Tuberville imposed his hold on all senior military nominations in February, staging a dramatic protest of the financial assistance rendered to service members and their dependents who must leave the state where they are stationed to obtain an abortion. The Biden administration established the travel-reimbursement policy after the Supreme Court overturned Roe v. Wade in June 2022, as Republican-led states began to ban or severely restrict access to reproductive health care.
Until Wednesday, Democrats had refused to vote on the nominations individually, as Tuberville suggested they should. Schumer and other Democrats had long argued that to deviate from the Senate’s standard procedure of approving noncontroversial military nominations in large batches would serve only to encourage other lawmakers with political grievances to attempt a similar gambit, but they reversed course with Brown’s soon-to-be predecessor, Gen. Mark A. Milley, approaching his Sept. 30 legal deadline to step down from the chairman’s post.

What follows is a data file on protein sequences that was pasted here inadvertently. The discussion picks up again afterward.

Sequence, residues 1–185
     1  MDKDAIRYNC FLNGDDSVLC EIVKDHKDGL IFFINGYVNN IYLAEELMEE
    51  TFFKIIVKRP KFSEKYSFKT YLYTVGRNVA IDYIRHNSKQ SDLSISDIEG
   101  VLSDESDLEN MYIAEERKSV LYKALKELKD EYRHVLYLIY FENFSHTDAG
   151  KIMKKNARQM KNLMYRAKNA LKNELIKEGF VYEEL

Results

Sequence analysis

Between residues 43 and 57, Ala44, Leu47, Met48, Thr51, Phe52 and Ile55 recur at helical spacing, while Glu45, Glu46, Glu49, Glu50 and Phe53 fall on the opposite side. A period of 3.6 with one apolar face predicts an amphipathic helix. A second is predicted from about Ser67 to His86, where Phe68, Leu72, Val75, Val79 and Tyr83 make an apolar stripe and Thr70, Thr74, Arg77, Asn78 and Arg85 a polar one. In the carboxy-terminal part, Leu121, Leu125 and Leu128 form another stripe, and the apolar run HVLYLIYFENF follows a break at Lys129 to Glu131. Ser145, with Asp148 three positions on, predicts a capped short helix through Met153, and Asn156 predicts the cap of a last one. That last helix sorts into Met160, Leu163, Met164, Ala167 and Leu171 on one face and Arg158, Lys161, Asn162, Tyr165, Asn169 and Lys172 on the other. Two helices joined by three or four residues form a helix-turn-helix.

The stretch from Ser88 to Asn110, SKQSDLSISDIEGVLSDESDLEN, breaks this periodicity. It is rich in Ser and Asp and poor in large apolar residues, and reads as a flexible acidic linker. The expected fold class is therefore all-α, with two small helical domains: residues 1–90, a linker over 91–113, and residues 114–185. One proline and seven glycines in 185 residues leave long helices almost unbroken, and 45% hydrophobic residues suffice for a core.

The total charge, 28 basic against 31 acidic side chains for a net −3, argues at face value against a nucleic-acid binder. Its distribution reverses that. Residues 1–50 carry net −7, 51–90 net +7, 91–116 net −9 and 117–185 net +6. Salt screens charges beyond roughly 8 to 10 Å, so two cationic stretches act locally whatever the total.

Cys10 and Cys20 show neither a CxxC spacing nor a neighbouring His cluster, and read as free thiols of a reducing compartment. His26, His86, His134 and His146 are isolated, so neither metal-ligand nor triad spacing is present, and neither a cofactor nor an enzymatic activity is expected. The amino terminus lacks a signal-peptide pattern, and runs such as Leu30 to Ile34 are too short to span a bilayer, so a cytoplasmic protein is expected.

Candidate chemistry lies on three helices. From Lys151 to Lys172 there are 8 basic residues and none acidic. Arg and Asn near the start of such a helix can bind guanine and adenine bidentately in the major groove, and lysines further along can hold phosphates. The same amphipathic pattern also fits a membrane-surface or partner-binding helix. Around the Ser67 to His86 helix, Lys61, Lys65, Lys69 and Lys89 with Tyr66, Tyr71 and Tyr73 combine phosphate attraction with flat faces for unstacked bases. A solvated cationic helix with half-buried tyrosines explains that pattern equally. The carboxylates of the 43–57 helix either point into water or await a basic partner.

An independent assessment by the Congressional Research Service last month found that working on all frozen nominations one-by-one would take months, even if the Senate focused on virtually nothing else.
After Brown’s confirmation vote, the Senate late Wednesday approved a motion to advance George’s nomination to lead the Army, with a final confirmation vote expected sometime Thursday. Efforts to advance Smith’s nomination to take over the Marines also should take place Thursday.
In a statement attacking Tuberville as “the sole cause of this crisis,” Sen. Jack Reed (D-R.I.), who chairs the Senate Armed Services Committee, said that Democrats “have no problem with voting on the most senior military officers” instead of the usual process of unanimous consent.
NYT (“Senate Confirms Chairman of Joint Chiefs of Staff, Sidestepping Tuberville Blockade“) adds:
“The Senate will overwhelmingly vote to confirm them, and these three honorable men will finally be able to assume their positions,” Mr. Schumer said on the Senate floor. “And the abortion policy that Senator Tuberville abhors will remain in place. Senator Tuberville will have accomplished nothing.”